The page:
Migration to Europe

Population and migration
978-3-14-100890-6 | Page 69 | Ill. 4
 | Migration to Europe | Population and migration | Karte 69/4


Whether wars, epidemics, natural upheavals or simply economic reasons; migration has played a crucial role in European history at almost all times. Especially in modern times and since the 19th and 20th centuries, statistical figures are also available that can be used to draw precise conclusions.

Statistical overview of the current situation

On average, around seven percent of people in the EU states live as foreigners (2015), i.e. they do not have the nationality of the country in which they live. Around 11.4 million foreigners live in Germany, which is approximately 14% of the population (2020). Many other people, on the other hand, have German citizenship, but also have a migratory background because they or their ancestors immigrated from another country for various reasons. In Germany, this is 11,8 million or 14% of the population (2020; excluding foreigners). Overall, every fourth inhabitant of Germany has a migratory background (21.2 million); in France the proportions are similar.

Today, the numerically largest groups of people born abroad live in the countries of Western and Central Europe as well as in Southern Europe. The absolute numbers and proportions are lowest in large parts of Eastern and South-Eastern Europe. However, there are exceptions here, such as Estonia and Latvia, where around 15 per cent Russians live - a consequence of belonging to the Soviet Union until 1991. In recent decades, the proportion of foreigners or people with a migratory background has increased in most EU countries. Germany and many European countries are now immigration countries.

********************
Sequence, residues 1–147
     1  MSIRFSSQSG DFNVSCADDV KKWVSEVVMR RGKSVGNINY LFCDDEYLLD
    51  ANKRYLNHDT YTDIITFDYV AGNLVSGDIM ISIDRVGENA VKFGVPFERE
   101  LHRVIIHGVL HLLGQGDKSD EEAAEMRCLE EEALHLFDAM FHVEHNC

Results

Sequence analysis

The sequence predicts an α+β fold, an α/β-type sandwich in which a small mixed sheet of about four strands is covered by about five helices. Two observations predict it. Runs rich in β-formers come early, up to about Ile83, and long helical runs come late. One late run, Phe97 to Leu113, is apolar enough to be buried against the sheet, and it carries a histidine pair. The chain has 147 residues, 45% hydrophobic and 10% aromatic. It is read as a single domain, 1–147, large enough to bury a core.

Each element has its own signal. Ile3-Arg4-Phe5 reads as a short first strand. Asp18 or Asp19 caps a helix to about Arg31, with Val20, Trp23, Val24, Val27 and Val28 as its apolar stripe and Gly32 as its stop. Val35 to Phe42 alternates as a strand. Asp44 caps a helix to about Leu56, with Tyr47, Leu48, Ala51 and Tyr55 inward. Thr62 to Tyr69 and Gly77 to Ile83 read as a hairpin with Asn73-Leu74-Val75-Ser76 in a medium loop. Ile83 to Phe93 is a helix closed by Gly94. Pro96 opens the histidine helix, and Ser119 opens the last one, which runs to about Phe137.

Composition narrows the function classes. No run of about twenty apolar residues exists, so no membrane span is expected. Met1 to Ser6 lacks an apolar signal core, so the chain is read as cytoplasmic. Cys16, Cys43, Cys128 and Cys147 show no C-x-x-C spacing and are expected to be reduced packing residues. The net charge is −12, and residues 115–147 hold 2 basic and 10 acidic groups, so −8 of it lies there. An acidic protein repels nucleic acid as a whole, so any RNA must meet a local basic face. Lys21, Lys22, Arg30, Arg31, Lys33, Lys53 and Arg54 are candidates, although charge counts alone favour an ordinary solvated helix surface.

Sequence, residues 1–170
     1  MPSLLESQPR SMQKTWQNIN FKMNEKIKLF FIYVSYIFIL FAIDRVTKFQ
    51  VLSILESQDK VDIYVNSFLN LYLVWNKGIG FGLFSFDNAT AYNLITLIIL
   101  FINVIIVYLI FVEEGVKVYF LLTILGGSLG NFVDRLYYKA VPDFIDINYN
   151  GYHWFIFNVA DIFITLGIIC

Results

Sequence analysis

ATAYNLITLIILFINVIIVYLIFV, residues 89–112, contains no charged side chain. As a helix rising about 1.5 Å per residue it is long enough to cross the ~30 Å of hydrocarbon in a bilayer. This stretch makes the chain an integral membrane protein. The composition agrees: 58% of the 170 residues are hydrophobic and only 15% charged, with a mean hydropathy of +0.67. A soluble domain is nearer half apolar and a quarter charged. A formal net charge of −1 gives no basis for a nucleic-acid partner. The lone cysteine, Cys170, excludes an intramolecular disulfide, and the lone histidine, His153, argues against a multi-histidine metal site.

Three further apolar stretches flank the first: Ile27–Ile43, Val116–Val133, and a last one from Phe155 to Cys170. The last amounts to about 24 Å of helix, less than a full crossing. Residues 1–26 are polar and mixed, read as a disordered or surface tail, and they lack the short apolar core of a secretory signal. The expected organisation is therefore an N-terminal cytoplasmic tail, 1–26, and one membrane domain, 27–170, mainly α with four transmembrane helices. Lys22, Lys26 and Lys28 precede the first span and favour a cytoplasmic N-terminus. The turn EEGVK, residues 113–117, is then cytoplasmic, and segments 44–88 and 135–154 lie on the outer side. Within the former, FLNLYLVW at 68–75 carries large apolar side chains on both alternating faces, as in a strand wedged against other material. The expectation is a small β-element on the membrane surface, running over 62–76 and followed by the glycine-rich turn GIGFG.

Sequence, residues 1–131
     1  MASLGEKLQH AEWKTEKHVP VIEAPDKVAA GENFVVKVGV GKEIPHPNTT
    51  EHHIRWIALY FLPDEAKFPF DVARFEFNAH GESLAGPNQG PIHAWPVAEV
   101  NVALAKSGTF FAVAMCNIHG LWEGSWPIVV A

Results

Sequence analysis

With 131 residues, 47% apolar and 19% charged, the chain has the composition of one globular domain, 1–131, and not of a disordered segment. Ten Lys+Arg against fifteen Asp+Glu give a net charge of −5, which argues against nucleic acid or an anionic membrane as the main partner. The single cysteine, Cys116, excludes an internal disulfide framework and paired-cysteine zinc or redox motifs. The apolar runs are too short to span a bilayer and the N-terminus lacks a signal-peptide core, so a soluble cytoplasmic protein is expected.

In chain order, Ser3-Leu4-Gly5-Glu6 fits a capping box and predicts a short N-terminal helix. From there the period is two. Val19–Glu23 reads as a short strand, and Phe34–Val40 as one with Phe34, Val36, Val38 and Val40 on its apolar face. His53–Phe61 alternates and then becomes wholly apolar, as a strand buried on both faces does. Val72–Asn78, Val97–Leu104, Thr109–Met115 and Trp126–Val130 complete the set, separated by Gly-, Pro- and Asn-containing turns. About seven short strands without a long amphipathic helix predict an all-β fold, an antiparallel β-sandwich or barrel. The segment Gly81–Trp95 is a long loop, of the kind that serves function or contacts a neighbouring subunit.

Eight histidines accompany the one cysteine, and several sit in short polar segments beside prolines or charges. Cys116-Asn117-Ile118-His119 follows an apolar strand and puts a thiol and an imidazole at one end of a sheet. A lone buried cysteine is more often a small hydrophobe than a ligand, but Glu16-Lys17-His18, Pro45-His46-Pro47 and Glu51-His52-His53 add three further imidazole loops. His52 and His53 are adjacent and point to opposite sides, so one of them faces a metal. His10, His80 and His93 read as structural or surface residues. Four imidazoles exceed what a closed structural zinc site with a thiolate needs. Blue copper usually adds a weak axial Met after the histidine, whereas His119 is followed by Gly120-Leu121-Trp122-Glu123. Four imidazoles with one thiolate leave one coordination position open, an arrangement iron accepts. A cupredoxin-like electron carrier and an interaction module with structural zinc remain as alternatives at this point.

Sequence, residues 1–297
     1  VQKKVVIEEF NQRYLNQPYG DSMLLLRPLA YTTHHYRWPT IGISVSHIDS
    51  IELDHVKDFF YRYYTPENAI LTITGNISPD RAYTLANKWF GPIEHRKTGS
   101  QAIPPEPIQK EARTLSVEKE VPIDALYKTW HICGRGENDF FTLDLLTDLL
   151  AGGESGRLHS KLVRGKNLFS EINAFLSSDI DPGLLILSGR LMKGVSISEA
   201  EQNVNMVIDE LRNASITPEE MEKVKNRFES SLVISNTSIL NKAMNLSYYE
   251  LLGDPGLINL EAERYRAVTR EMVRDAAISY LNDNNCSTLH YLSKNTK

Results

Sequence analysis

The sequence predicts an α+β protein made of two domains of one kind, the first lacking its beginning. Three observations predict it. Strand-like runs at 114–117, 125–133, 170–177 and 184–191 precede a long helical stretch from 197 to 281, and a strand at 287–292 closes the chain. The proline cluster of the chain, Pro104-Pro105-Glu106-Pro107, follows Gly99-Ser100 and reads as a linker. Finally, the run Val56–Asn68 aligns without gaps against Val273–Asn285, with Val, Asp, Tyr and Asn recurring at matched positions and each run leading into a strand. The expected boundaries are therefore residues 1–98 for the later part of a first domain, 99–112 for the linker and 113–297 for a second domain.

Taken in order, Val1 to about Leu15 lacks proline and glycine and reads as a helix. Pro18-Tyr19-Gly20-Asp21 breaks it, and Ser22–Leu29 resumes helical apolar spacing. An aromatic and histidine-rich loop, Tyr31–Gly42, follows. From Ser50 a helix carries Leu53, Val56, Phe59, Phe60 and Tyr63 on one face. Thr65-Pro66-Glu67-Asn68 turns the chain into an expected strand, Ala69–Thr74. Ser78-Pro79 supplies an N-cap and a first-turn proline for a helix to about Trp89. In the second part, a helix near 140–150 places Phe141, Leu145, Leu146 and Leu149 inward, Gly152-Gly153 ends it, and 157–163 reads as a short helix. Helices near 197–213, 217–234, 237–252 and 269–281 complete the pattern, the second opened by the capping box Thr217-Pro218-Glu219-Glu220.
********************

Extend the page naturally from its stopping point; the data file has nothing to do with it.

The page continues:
Migration in Europe today

Current migratory movements in and to Europe are fed by several sources. Within the member states, EU citizens are free to choose their place of residence and work; this results in migratory movements between the EU states. Not all of these migrations are permanent (e.g. when taking up studies). Especially from Poland, Romania, Ukraine and Moldova, many young people commute to work in Western, Central and Southern Europe. The opening of Europe's internal borders was initiated in 1985 with the Schengen Agreement, in which the first signatory states - Germany, France, the Netherlands, Belgium and Luxembourg - agreed to waive border controls on the movement of persons. Most European states joined the Schengen Agreement in the following years. Another milestone on the way to opening European borders was EU citizenship, introduced in 1992 with the Maastricht Treaties.

In the course of globalisation, highly qualified workers in particular, e.g. scientists, engineers, doctors, software experts and managers, choose their workplace and place of residence worldwide. Factors such as jobs on offer, career opportunities, potential earnings and living environment influence individual decisions, but global players also ensure that their employees work at different locations in the worldwide network of companies, often (initially) for a limited period of time. In the EU, a Blue Card regulation was enacted for the immigration of highly qualified workers from third countries (along the lines of the Green Card in the USA). However, its effect is controversial, as relatively few applications are made.